In this blogposting…Wimbledon Postscript
Burnopfield Masonic Hall Workteam Advice Sheet
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Everybody knows that, even amongst the Elysian Fields of life - those rarefied pastures of pleasures that occur far too seldom - there’s always a swatch of nettles waiting to sting your lower legs. And they always do.
Take this year’s otherwise exemplary Wimbledon…
Throughout the tournament I was naturally in daily Skype contact with Serge, mostly in order to gloat about how terribly English it all was - strawberries and cream, pristine courts, everything either white or green…
Somehow, though, Serge managed to derail my smugness at the first hurdle. Who, he wanted to know, was The Man In The Hat?
A little to the left of the Centre Court’s main scoreboard is the box of seats reserved for the players’ families and friends. And - every day, match in and match out - the seat on the right of this box was occupied by a distinguished-looking older gent in a dark blazer, striped tie, neat white shirt - and an enormous homburg - or is it a trilby or even a stetson?
Once seen, never forgotten. After Serge had pointed his presence out to me, I consciously looked out for him every day, and every day - there he was.
But who was he?
Serge’s question - which he mischievously repeated each time we spoke - was a reasonable one; and one to which no research on my part could provide an answer.
Until the very end of the tournament, when the BBC decided to run a feature about ‘the unremarked heroes of Wimbledon’, of which he was one.
The Man In The Hat was David Spearing, no less. This well-turned-out gent had somehow earned the right to be the tournament’s Honorary Steward. It was his job to usher the families and friends into and out of their special box and to look after them while they were in it.
In return for his arduous duties, he got one of the best possible views of the action on Centre Court - and a gratifyingly large number of appearances on tv screens all over the world.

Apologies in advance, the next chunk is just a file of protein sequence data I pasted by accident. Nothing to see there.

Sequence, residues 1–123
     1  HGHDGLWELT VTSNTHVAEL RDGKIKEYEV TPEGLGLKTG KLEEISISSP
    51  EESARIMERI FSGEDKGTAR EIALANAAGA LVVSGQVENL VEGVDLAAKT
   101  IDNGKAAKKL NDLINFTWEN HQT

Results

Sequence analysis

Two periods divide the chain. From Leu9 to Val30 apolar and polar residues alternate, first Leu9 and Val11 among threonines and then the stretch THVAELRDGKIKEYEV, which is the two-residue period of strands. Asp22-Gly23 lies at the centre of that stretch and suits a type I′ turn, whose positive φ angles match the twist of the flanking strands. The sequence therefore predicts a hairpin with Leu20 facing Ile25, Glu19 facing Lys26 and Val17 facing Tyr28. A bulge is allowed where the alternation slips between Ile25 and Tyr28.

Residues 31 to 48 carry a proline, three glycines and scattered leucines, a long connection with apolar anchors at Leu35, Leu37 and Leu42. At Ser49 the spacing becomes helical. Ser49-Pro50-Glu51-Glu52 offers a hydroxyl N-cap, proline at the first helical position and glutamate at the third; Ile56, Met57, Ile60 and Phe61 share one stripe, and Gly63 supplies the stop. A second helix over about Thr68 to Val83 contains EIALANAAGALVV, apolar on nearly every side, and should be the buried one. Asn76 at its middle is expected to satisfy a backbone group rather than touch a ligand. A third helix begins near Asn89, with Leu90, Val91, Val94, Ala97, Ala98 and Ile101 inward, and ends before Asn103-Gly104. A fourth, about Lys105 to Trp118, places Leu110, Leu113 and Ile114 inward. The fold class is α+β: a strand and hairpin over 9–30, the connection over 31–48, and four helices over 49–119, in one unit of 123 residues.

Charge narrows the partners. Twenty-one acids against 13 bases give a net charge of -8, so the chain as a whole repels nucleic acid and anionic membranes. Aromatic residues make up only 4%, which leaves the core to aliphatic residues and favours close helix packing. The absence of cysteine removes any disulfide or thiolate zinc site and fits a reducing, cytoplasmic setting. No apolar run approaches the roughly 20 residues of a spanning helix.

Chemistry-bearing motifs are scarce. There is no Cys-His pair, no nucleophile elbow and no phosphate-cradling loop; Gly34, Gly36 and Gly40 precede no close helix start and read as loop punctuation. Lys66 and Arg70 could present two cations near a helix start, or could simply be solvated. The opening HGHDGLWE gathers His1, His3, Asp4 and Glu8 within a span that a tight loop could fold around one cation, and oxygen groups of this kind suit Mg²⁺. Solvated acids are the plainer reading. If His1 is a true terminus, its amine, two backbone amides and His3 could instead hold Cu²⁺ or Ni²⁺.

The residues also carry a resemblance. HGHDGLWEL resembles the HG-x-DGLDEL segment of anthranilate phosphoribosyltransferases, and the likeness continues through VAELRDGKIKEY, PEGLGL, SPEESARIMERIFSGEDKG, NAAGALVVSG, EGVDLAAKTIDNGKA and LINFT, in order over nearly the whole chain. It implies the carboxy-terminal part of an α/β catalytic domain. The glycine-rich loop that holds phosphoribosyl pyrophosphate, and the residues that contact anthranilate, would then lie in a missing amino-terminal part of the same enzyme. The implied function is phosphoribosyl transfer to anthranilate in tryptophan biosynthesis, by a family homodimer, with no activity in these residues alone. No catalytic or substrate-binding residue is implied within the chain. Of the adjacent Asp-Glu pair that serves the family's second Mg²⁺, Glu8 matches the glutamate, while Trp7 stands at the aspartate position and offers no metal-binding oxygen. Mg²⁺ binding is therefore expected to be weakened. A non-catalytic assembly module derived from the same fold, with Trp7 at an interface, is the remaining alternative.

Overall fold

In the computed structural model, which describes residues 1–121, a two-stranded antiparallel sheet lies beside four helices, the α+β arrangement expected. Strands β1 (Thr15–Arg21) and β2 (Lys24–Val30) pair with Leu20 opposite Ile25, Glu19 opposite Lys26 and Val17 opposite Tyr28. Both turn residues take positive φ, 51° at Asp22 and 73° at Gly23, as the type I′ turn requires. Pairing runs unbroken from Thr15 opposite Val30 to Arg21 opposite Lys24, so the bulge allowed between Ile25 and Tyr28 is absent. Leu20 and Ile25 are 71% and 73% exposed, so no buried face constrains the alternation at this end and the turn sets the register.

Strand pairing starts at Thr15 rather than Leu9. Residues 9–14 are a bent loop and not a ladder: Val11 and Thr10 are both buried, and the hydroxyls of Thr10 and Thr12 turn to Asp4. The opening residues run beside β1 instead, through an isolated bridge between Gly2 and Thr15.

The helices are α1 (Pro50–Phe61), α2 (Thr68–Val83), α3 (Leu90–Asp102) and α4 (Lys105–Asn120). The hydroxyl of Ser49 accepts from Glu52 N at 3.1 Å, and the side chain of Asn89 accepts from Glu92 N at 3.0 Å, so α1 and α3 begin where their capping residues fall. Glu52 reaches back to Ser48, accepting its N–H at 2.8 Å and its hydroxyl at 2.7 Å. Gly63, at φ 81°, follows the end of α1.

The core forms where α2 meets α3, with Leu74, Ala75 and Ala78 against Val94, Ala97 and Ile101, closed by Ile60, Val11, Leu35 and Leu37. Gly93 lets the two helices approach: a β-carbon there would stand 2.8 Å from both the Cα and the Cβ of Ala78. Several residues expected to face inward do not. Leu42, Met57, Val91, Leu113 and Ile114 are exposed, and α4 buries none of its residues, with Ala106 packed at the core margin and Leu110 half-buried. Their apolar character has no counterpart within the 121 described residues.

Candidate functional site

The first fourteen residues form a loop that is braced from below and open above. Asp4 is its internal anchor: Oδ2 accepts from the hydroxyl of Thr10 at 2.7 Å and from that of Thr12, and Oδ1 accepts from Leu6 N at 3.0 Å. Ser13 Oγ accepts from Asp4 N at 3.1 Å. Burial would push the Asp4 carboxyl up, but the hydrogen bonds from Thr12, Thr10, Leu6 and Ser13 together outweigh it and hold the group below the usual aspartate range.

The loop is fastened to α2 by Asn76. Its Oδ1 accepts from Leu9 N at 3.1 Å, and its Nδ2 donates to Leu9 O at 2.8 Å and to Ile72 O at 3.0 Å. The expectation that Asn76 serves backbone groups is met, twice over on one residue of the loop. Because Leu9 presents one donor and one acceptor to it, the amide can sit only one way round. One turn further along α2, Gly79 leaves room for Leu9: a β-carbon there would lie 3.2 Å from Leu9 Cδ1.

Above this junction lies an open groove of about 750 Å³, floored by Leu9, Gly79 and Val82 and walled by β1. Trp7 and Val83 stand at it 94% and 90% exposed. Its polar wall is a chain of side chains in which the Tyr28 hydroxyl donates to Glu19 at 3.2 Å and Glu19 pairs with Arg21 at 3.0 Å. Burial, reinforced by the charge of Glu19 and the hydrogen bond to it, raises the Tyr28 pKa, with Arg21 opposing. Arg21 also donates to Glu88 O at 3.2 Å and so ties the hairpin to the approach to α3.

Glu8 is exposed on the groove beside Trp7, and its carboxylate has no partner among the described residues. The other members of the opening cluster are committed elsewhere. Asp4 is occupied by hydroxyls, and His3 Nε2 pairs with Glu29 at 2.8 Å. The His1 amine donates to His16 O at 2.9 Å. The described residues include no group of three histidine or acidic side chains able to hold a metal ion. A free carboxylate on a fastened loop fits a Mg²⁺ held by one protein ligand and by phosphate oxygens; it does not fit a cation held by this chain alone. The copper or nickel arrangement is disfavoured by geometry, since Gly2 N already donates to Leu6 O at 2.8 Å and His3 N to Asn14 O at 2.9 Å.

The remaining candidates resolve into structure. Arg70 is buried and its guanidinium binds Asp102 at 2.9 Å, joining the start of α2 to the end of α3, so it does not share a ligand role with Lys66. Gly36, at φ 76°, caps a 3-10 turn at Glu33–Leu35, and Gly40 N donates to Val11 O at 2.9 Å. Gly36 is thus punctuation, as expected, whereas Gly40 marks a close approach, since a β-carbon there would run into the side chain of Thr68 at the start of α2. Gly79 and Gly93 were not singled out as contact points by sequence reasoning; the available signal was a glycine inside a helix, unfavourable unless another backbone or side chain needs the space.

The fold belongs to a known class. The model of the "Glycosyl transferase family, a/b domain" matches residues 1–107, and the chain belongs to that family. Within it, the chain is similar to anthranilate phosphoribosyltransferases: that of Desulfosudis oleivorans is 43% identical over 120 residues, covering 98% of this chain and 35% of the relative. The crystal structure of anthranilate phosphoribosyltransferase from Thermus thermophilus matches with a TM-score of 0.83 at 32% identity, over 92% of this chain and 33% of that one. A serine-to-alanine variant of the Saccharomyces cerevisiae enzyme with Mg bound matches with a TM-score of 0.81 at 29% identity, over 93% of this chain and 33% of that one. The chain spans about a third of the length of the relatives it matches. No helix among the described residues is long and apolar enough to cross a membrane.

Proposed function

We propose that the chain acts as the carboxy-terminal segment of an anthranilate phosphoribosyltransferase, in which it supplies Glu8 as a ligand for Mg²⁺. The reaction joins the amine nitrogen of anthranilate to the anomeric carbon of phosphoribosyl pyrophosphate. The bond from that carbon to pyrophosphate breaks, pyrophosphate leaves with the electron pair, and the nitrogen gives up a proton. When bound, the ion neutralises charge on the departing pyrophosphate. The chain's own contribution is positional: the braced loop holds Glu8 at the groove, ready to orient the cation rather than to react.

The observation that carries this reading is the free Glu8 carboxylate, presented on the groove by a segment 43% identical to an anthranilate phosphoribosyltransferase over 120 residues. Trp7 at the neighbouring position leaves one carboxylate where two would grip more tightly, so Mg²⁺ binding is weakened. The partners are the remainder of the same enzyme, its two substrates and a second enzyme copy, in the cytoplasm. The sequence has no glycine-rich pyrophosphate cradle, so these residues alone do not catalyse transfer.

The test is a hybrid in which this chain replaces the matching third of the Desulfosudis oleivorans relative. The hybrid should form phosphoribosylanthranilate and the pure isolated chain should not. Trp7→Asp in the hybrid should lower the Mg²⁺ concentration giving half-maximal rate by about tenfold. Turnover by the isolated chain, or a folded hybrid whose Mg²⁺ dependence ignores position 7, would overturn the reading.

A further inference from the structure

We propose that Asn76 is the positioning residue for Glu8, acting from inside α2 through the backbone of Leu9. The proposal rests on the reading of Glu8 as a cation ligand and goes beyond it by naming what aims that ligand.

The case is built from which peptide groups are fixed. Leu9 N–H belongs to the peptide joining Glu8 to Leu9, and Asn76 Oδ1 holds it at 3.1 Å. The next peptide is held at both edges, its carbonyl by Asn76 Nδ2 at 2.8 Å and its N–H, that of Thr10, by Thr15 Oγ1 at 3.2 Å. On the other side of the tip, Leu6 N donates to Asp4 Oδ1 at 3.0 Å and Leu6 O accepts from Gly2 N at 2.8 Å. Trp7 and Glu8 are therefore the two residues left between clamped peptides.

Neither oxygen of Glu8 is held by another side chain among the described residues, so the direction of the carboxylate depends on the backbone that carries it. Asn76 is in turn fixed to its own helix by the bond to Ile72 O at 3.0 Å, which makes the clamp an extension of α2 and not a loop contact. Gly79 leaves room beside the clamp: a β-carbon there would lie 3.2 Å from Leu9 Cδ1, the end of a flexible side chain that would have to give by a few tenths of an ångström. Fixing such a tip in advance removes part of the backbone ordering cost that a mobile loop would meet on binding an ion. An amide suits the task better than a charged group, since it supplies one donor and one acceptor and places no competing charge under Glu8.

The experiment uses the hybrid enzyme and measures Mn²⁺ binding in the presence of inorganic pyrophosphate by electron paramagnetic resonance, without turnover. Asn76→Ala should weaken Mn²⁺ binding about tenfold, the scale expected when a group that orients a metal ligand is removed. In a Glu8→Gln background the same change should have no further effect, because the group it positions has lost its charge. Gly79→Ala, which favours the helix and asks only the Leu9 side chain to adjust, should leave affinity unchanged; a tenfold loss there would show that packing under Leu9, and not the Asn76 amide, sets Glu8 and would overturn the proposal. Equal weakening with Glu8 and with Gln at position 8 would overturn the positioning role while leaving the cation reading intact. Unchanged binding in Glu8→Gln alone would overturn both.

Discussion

As it happens, Serge and I weren’t the only ones who were curious about this fine gentleman. He has become an internet institution - as this interview with him shows…
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BURNOPFIELD MASONIC HALL WORKTEAM ADVICE SHEET
Eric and Jean sent me this last week.
I still haven’t stopped laughing….
A tall upright machine useful for suddenly snatching flat metal bar stock out of your hands so that it smacks you in the chest and flings your beer across the room, denting the freshly-painted project which you had carefully set in the corner where nothing could get to it.
Cleans paint off bolts and then throws them somewhere under the workbench with the speed of light. Also removes fingerprints and hard-earned calluses from fingers in about the time it takes you to say, 'Oh sh*t'.
A portable cutting tool used to make studs too short.
Used to round off bolt heads. Sometimes used in the creation of blood-blisters.
An electric sanding tool commonly used to convert minor touch-up jobs into major refinishing jobs.
One of a family of cutting tools built on the Ouija board principle; it transforms human energy into a crooked, unpredictable motion, and the more you attempt to influence its course, the more dismal your future becomes.
Generally used after pliers to completely round off bolt heads. If nothing else is available, they can also be used to transfer intense welding heat to the palm of your hand.
Used almost entirely for igniting various inflammable objects in your shop. Also handy for igniting the grease inside the wheel hub out of which you want to remove a bearing race.
A large stationary power tool commonly used to launch wood projectiles for testing wall integrity.
HYDRAULIC FLOOR JACK
Used for lowering an automobile to the ground after you have installed your new brake shoes, trapping the jack handle firmly under the bumper.
A large stationary power saw primarily used by most shops to cut good aluminum sheet into smaller pieces that more easily fit into the trash can after you cut on the inside of the line instead of the outside edge.
A tool for testing the maximum tensile strength of everything you forgot to disconnect.
Normally used to stab the vacuum seals under lids or for opening old-style paper-and-tin oil cans and splashing oil on your shirt; but can also be used, as the name implies, to strip out Phillips screw heads.
A tool for opening paint cans. Sometimes used to convert common slotted screws into non-removable screws and butchering your palms.
A tool used to crumple the metal surrounding that clip or bracket you needed to remove in order to replace a 50p part.
A tool used to make hoses too short.
Originally employed as a weapon of war, the hammer nowadays is used as a kind of divining rod to locate the most expensive parts adjacent to the object we are trying to hit.
Used to open and slice through the contents of cardboard cartons delivered to your front door; works particularly well on contents such as seats, vinyl records, liquids in plastic bottles, collector magazines, refund cheques, and rubber or plastic parts. Especially useful for slicing work clothes, but only while in use.
Thanks, Eric and Jean - keep ‘em coming…
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